The Samsung Galaxy Note 7 debacle of 2016 hardly needs an introduction. The question since the recall has always been what Samsung would do with all of these recalled devices — highlighted by the protests that we witnessed at MWC 2017. Today they have released their plans for the recalled Galaxy Note 7 phones.

As we heard rumoured a while back Samsung are looking to sell some of the recalled Galaxy Note 7s as a refurbished device in some countries. They are also considering using the phone as a rental device “where applicable”. Samsung are also looking to recycle many of the returned phones and have outlined the details for how they plan to do that.

At this stage the countries where sales of the Galaxy Note 7 will occur is unknown but we have previously heard India as one rumour and that the phone would be set to not charge all to way to prevent any battery issues. The phone is more likely to be sold in emerging markets where the regulations are often less strict and the “consultations with regulatory authorities and carriers as well as due consideration of local demand” would more likely result in a favourable outcome for Samsung.

When it comes to the recycling Samsung will be removing any components from the phones that can be reused by other companies or in testing procedures. Other components such as copper, nickel, gold, and silver will be extracted by companies that specialise in this.

Samsung’s statement can be seen below and it is great to see Samsung trying to do the right thing here. That would be a LOT of Galaxy Note 7s and a LOT of landfill.

Samsung to Set the Principles to Recycle of Returned Galaxy Note7 Devices in an Environmentally Friendly Way

Samsung Electronics has established three principles to ensure that Galaxy Note 7 devices are recycled and processed in an environmentally-friendly manner.

First, devices shall be considered to be used as refurbished phones or rental phones where applicable.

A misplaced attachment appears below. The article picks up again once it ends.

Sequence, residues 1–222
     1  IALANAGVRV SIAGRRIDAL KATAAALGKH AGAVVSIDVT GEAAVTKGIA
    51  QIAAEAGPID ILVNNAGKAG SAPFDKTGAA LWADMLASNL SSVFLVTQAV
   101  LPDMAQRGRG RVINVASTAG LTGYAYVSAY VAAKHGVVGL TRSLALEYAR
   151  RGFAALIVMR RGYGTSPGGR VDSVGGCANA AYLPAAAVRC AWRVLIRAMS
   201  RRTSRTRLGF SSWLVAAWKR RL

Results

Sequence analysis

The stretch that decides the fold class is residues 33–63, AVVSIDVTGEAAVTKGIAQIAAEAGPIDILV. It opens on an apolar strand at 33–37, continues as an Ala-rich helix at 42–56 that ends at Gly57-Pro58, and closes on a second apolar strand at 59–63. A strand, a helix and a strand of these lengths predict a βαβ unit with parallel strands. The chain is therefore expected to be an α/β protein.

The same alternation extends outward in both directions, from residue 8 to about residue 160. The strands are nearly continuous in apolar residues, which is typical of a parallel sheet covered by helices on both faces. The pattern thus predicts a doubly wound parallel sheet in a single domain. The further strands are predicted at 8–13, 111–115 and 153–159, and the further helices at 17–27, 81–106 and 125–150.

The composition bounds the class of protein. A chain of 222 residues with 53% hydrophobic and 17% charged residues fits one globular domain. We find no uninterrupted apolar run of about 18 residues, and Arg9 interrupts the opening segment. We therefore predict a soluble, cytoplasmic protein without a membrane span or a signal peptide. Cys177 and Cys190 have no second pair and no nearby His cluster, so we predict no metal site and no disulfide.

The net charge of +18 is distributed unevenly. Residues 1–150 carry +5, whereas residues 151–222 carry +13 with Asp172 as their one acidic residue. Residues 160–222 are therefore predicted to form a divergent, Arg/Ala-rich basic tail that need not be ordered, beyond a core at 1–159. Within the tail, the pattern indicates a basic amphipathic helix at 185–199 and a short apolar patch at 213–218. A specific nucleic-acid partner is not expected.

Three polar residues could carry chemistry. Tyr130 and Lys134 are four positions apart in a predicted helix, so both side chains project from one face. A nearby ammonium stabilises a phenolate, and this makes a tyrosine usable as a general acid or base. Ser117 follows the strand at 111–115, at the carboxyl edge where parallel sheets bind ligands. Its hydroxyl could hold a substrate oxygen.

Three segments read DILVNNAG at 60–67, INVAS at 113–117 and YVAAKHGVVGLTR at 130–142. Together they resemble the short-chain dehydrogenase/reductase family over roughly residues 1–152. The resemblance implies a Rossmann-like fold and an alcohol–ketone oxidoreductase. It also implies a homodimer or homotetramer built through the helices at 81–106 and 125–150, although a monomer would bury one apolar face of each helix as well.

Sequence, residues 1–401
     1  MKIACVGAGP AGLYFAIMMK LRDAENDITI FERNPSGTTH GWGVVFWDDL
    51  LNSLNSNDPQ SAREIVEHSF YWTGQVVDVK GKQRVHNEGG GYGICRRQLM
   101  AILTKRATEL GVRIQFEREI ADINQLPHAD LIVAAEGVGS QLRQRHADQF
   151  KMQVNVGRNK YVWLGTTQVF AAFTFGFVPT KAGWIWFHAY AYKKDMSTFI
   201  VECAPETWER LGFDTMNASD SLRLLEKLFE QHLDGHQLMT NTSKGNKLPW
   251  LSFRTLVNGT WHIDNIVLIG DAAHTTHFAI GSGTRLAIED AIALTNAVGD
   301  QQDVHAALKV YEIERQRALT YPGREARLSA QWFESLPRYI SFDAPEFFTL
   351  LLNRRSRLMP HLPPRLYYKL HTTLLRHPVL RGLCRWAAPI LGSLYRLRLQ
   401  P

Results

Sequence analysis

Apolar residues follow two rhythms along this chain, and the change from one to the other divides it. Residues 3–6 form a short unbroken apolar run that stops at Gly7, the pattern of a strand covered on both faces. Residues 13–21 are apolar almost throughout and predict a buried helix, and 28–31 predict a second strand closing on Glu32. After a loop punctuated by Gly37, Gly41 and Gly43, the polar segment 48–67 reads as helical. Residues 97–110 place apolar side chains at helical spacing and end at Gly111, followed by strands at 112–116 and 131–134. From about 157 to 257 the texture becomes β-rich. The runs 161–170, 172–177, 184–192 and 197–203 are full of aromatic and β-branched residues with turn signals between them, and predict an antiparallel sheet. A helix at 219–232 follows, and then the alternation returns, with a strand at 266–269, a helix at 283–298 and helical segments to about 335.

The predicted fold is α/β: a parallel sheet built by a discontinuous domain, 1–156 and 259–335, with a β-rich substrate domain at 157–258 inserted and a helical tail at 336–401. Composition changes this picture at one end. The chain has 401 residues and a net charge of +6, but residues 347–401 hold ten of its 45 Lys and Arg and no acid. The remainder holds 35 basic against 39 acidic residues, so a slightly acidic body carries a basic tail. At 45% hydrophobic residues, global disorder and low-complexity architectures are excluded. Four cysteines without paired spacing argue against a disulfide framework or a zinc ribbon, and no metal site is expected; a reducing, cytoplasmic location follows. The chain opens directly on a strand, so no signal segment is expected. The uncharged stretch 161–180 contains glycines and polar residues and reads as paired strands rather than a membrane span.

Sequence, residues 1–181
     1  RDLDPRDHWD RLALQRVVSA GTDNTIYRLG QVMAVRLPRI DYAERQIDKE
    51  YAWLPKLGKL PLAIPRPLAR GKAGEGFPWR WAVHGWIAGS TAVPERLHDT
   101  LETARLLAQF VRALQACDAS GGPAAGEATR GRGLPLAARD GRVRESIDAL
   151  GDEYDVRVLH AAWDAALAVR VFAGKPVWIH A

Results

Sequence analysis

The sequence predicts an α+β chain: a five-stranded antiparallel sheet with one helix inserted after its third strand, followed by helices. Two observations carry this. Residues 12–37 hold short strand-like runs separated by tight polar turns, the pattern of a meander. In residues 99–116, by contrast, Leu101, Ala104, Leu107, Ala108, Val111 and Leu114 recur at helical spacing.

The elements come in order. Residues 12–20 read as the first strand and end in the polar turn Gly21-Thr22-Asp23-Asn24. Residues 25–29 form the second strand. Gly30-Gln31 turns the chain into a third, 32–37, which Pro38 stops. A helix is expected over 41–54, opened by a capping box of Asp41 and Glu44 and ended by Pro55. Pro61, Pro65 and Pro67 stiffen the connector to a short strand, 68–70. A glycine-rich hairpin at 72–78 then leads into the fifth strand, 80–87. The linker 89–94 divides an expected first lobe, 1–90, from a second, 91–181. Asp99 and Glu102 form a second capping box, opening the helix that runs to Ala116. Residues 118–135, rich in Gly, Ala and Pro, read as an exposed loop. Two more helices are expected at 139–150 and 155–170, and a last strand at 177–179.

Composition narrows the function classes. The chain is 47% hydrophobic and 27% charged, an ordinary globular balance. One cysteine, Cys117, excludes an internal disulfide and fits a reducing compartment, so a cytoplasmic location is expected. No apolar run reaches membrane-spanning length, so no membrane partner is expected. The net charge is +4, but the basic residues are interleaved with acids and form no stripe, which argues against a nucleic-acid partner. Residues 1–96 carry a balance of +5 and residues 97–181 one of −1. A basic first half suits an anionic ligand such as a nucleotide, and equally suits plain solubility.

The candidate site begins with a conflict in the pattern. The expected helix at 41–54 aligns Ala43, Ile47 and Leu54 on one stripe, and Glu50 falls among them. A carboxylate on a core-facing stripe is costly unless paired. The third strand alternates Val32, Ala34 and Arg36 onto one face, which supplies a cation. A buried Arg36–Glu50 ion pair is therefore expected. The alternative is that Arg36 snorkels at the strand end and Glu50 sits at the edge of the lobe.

Second, salvageable components shall be detached for reuse.

Third, processes such as metals extraction shall be performed using environmentally friendly methods.

Regarding the Galaxy Note 7 devices as refurbished phones or rental phones, applicability is dependent upon consultations with regulatory authorities and carriers as well as due consideration of local demand. The markets and release dates will be determined accordingly.

For remaining Galaxy Note 7 devices, components such as semiconductors and camera modules shall be detached by companies specializing in such services and used for test sample production purposes.

Finally, for left over component recycling, Samsung shall first extract precious metals, such as copper, nickel, gold and silver by utilizing eco-friendly companies specializing in such processes.

As part of our ongoing commitment to recycling, Samsung also plans to join the EU’s R&D and test efforts to develop new eco-friendly processing methods.

We have reached out to Samsung Australia to determine if these phones will be sold here although we think it would be very unlikely. It is a pity as by all accounts (including our own review) the phone was a great device.

Would you consider a refurbished Galaxy Note 7 or has last year’s fiasco left you burned?

Source: 9to5 Google.
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Just let me know where/when. The only one that might be better than Note 4 (replaceable battery, infrared) because of the USB-C.

Russell Sturcke

I loved the note 3 and went to the s7 edge because of the note 7 issue.I would buy if offered on a plan,but it would have to be priced accordingly as a refurbished phone,otherwise no.


People, don’t be surprised if this turns out to be another fake rumour!

As much as I would love one, I now this Samsung would like to just bury this and move on.


Not worth gambling their reputation with that phone again. It’s a great phone, but they better write off it forever. Sure there will be sour and bitter taste for some people.
If they really want to sell it again, how about only sell to customers who owned them before and are willing to take it back? That will be a lot better.


I think they need to make an effort with the device; it’s an awful lot of phones to send to landfill if they can’t be salvaged, and for many thousands of phones with batteries that didn’t fail, a replacement battery that is actually safe might be all that’s needed, and the Note 7 was otherwise an amazingly good device.


I would consider it if they put in a good battery . The problem maybe taking it on a plane as I’m sure it’s still on the FAA and airlines hit list..


You’d have to expect people are going to be pretty cautious about buying and taking such a phone anywhere…